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Sports Med. 2015 Nov;45(11):1561-76. doi: 10.1007/s40279-015-0381-0.

Fructose-Glucose Composite Carbohydrates and Endurance Performance: Critical Review and Future Perspectives.

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School of Sport and Exercise, Massey University, 63 Wallace St, Mt Cook, Wellington, 6011, New Zealand.
School of Sport and Exercise, Massey University, 63 Wallace St, Mt Cook, Wellington, 6011, New Zealand.
Food and Nutrition Group, Intertek Scientific and Regulatory Consultancy, Mississauga, ON, Canada.
Nestle Research Center, Lausanne, Switzerland.


Sports beverages formulated with fructose and glucose composites enhance exogenous carbohydrate oxidation, gut comfort, and endurance performance, relative to single-saccharide formulations. However, a critical review of performance data is absent. We conducted a comprehensive literature review of the effect of fructose:glucose/maltodextrin (glucose or maltodextrin) composites versus glucose/maltodextrin on endurance performance. Mechanistic associations were drawn from effects on carbohydrate metabolism, gut, and other sensory responses. Overall, 14 studies contained estimates of 2.5-3.0-h endurance performance in men, mostly in cycling. Relative to isocaloric glucose/maltodextrin, the ingestion of 0.5-1.0:1-ratio fructose:glucose/maltodextrin beverages at 1.3-2.4 g carbohydrate·min(-1) produced small to moderate enhancements (1-9 %; 95 % confidence interval 0-19) in mean power. When 0.5:1-ratio composites were ingested at ≥1.7 g·min(-1), improvements were larger (4-9 %; 2-19) than at 1.4-1.6 g·min(-1) (1-3 %; 0-6). The effect sizes at higher ingestion rates were associated with increased exogenous carbohydrate oxidation rate, unilateral fluid absorption, and lower gastrointestinal distress, relative to control. Solutions containing a 0.7-1.0:1 fructose:glucose ratio were absorbed fastest; when ingested at 1.5-1.8 g·min(-1), a 0.8:1 fructose:glucose ratio conveyed the highest exogenous carbohydrate energy and endurance power compared with lower or higher fructose:glucose ratios. To conclude, ingesting 0.5-1.0:1-ratio fructose:glucose/maltodextrin beverages at 1.3-2.4 g·min(-1) likely benefits 2.5-3.0 h endurance power versus isocaloric single saccharide. Further ratio and dose-response research should determine if meaningful performance benefits of composites accrue with ingestion <1.3 g·min(-1), relative to higher doses. Effects should be established in competition, females, other food formats, and in heat-stress and ultra-endurance exercise where carbohydrate demands may differ from the current analysis.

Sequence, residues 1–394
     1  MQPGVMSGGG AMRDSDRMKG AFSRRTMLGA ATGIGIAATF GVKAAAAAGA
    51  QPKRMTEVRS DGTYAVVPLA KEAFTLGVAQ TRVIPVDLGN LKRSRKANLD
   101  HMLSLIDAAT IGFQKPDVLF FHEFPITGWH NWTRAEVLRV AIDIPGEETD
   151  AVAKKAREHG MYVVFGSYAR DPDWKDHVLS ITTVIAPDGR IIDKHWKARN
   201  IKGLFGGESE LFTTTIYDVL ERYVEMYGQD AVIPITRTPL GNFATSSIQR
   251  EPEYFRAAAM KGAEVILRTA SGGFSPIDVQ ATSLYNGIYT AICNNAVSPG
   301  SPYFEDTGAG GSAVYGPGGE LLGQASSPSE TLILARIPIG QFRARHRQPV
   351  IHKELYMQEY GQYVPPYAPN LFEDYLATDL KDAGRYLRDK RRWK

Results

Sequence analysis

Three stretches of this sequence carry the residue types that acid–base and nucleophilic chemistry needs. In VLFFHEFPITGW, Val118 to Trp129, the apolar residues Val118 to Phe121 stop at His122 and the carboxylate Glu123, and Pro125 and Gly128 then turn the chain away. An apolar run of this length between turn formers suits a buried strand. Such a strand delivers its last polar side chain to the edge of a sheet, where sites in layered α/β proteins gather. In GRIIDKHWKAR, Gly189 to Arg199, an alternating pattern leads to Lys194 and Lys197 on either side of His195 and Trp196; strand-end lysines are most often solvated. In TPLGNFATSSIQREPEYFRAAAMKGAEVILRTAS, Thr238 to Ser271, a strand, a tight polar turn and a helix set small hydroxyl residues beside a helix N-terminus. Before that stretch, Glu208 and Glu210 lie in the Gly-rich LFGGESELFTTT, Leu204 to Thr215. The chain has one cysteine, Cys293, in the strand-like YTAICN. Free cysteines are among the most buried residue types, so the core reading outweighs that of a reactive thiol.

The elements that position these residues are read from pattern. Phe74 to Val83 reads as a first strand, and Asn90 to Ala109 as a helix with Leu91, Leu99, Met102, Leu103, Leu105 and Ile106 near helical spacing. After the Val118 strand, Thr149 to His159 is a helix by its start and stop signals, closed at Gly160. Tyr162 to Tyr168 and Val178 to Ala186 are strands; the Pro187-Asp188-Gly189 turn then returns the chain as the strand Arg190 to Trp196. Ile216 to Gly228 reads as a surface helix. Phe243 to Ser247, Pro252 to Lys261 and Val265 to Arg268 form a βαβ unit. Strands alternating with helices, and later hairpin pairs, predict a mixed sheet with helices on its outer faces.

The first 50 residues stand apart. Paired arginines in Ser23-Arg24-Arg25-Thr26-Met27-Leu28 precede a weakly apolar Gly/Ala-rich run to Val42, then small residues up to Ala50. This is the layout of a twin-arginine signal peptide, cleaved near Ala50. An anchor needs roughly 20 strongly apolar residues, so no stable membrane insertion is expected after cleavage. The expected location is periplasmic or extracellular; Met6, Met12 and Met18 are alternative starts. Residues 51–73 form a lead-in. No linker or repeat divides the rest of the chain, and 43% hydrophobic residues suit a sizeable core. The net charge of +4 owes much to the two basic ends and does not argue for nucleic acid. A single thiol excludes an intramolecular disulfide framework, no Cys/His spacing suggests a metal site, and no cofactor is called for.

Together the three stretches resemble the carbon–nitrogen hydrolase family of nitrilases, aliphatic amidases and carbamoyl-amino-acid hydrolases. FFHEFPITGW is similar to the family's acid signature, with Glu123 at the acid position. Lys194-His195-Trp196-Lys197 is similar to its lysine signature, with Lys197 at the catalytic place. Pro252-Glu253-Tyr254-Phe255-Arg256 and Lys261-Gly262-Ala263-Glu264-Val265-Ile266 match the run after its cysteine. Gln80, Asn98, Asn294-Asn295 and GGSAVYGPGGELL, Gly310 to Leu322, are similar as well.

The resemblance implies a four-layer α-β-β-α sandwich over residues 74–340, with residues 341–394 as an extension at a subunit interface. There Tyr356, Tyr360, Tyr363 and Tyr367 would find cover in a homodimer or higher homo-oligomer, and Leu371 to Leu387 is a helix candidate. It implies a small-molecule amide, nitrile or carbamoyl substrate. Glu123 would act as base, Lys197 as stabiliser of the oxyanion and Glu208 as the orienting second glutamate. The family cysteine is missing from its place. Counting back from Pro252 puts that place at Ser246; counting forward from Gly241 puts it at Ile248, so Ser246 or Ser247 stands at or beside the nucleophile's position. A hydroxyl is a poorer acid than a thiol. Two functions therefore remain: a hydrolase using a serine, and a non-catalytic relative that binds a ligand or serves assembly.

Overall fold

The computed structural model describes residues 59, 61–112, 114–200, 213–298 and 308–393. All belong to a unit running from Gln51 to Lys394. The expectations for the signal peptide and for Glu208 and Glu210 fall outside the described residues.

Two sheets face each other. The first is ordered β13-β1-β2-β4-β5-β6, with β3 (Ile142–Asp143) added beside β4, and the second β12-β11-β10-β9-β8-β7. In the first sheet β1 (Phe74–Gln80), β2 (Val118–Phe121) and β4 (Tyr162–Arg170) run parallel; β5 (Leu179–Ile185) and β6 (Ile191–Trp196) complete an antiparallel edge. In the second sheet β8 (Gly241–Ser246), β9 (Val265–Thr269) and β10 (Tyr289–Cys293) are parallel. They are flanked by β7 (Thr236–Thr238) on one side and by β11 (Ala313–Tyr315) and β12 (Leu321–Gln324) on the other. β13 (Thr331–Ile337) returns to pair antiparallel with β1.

[Indexed for MEDLINE]

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